During the L stage, L facility 25 operates on data from OWR 15 under the control of LFCL 21. EFCL 22 is loaded in a manner to be discussed later. If data is not valid, clock control 23 prevents all registers (except LCSAR 13, OWR 15, and sometimes RR 16) from being clocked so that the L stage may be repeated in the following cycle. If the current instruction has one E cycle, then LFCL 21 is loaded as part of the B stage operation of the next instruction. If the current instruction has more than one E cycle, then LFCL 21 is loaded in a manner to be described later.
During all but the last cycle of the E stage (for instructions with a single cycle E stage, that cycle is the last cycle) the L facility 25 operates under control of LFCL 21, and E facility 24 operates under control of EFCL 22. Interlock will inhibit clocking of all registers because no other instruction is currently in the L stage. In the next to last cycle of the E stage, LFCL 21 is loaded as part of the B stage operation of the next instruction. Prior to the next to last cycle of the E stage, LFCL 21 is loaded in a manner to be described later. EFCL 22 is loaded in a manner to be described later.
During the final cycle of the E stage, E facility operates under control of EFCL 22. If the next instruction is in the L stage, then the L facility operates as the L stage of that instruction; otherwise the L facility is idle as controlled by the LFCL.
During the W stage, data from RR register 16 is sent to the register file 2 or the storage unit 3.
The control 20 of FIG. 2 for the E-unit 4 is a microprogrammed control with two control stores. As shown in FIG. 3, the two control stores are the L Control Store (LCS) 30 and the E Control Store (ECS) 33. The microprogram for each instruction is broken into two parts. The first part controls the instruction when it is in the L stage, and is stored in LCS 30. The second part controls the instruction when it is in the E stage of the instruction, and is stored in ECS 33. LCS 30 and ECS 33 can be read at the same time for different instructions and thus allow for independent control of the L and E stages of two different instructions. The microwords in LCS 30 require no branching capability because each instruction uses only one microword. The microwords in ECS 33 do branch, and a two module fast branching mechanism is provided. Further details of this mechanism are described in the application entitled, MULTIPLE MODULE CONTROL STORE FOR USE IN A DATA PROCESSING SYSTEM, Ser. No. 184,126, filed on Sept. 4, 1980, now abandoned and assigned to the assignee of the present invention.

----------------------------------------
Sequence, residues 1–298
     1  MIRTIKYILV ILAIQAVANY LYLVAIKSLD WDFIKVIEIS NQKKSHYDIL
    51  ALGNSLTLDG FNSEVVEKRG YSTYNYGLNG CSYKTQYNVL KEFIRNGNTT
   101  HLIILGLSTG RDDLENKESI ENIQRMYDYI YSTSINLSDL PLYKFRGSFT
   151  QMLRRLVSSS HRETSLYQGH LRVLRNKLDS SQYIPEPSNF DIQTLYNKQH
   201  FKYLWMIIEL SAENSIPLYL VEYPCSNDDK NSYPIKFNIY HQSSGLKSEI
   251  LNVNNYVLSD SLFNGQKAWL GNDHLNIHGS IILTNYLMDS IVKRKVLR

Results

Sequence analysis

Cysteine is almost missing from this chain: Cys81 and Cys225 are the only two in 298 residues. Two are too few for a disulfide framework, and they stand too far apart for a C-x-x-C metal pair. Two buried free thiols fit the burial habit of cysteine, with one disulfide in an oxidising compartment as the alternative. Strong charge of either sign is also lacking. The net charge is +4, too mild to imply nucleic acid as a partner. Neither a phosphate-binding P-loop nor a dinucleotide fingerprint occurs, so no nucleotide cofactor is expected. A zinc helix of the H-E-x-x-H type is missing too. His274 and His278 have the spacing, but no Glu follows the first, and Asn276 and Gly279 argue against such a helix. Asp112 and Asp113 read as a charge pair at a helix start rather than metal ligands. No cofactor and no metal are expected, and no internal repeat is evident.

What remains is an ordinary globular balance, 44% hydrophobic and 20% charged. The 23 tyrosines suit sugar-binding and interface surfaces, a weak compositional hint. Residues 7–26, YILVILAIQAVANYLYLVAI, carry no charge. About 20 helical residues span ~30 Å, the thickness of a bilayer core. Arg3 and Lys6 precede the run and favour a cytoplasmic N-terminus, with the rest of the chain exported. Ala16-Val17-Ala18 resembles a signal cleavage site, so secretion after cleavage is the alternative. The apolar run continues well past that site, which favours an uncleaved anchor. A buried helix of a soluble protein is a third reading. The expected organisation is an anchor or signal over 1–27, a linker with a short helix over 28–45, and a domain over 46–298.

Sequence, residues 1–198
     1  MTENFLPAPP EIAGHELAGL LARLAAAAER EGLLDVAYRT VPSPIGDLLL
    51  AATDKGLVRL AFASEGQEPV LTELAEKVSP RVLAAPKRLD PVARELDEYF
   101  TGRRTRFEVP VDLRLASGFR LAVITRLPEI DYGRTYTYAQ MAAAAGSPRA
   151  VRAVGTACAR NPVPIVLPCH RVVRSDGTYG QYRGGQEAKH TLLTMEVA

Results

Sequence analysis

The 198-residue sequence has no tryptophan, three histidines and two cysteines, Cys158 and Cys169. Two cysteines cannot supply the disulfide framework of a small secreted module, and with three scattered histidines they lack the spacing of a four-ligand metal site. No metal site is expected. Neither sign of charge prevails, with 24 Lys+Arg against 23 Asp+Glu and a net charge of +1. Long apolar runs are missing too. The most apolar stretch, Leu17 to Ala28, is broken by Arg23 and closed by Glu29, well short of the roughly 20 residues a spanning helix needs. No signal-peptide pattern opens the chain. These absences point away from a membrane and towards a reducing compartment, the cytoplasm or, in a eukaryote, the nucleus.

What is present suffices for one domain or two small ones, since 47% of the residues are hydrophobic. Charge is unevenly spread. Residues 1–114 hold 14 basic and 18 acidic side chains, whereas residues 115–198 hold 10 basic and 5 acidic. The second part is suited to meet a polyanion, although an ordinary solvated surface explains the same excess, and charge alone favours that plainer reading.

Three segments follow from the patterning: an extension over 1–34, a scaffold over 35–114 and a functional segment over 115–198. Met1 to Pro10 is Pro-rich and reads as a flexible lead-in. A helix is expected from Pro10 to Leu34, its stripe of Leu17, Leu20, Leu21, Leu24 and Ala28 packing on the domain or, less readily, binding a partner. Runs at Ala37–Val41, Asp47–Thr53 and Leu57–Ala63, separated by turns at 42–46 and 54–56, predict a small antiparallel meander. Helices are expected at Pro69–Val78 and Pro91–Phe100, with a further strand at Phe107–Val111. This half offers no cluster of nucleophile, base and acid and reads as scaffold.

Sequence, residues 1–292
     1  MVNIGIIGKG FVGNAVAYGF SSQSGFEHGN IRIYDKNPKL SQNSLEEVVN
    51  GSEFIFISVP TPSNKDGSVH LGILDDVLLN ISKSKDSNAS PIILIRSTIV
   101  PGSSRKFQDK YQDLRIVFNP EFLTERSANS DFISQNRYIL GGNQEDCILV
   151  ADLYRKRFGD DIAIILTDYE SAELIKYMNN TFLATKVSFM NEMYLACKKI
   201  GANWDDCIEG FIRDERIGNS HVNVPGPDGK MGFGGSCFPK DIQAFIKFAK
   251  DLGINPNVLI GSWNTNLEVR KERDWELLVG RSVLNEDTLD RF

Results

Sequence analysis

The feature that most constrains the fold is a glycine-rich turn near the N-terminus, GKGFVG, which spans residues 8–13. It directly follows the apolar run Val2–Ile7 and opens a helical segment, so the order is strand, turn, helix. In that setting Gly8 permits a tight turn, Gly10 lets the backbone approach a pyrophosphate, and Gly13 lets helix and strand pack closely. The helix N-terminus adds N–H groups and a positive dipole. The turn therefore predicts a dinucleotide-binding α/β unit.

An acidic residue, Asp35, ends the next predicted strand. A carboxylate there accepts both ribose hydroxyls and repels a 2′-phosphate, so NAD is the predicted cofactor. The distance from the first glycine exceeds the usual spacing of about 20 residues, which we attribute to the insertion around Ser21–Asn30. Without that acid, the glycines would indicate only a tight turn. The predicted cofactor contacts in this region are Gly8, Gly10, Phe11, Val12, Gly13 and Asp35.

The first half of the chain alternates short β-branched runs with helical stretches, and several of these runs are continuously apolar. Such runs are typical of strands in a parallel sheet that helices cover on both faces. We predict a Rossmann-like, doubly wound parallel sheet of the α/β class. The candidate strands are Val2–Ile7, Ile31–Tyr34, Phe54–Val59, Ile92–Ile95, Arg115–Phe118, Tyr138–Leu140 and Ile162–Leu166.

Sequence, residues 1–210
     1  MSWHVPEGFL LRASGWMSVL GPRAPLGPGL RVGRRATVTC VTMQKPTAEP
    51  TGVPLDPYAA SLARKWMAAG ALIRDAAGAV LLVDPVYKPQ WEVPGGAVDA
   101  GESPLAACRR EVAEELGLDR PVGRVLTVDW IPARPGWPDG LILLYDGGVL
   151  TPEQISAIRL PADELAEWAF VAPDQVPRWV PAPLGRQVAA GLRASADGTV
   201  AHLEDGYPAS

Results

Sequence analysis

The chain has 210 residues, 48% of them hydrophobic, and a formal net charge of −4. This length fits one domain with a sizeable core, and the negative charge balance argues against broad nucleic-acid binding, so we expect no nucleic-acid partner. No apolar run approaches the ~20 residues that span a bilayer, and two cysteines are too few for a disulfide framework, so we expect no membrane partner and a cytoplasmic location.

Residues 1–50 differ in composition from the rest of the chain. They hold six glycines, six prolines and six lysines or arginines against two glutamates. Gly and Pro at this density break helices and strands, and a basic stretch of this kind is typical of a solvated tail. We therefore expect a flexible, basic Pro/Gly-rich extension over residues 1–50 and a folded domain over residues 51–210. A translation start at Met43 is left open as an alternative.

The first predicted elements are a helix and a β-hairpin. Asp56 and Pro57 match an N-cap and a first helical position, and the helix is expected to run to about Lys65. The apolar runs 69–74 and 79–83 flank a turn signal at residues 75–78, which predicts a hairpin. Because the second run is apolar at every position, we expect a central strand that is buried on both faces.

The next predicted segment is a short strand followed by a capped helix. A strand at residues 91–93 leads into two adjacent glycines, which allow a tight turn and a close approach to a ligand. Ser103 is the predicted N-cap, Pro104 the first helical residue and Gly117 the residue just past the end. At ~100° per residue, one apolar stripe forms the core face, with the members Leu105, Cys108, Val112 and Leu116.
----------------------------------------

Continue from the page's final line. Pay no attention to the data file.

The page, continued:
LCSAR register 13 is loaded at the end of the G stage with the I-Unit command. The contents of register 13 address the desired word in LCS 30 which is read during the B stage. The data in each LCS word is divided into two parts, LLFC 31 and ECS ADDR 32. The data in LLFC 31 goes to selector 38 and then to LFC decoder 39 and finally latched in LFCL 21. The data in ECS ADDR 32 goes to selector 40 and then latched in ECSAR 37.
During the L stage, the data in LFCL 21 controls the L facility. The word in ECS 33 addressed by ECSAR 37 is also read. The data in each ECS word is divided into three parts, ELFC 34, EEFC 35, and BRAA 36. The data in ELFC 34 goes to selector 38. The selector 38 selects between LLFC 31 and ELFC 34 and sends the selected data to LFC decoder 39 and then latched in LFCL 21. Meanwhile, the data in EEFC 35 goes to EFC decoder 41 and then latched in EFCL 22. The data in BRAA 36 goes to selector 40 and then latched in ECSAR 37.
Operation during the E stage is like that of the L stage except that the selectors 38 and 40 behave differently. Discussion of this difference is provided later.
The LFC decoder 39 and the EFC decoder 41 provide for expansion of a small number of control bits from the microstores into a much larger number of control bits required by the L and E facilities. Decoders are well-known, and any convenient decoder may be employed.
Some instructions examined by the I-unit 1 require no action by the E-unit 4. The I-unit indicates these instructions via the CMD VLD line 17. Since no address is loaded into LCSAR 13 in these cases, the E-unit 4 continues to receive controls for both the L and E facilities from ECS 33. The words read out during this time form an idle loop. The controls in these words specify that no actions be taken other than to be alert for a new instruction.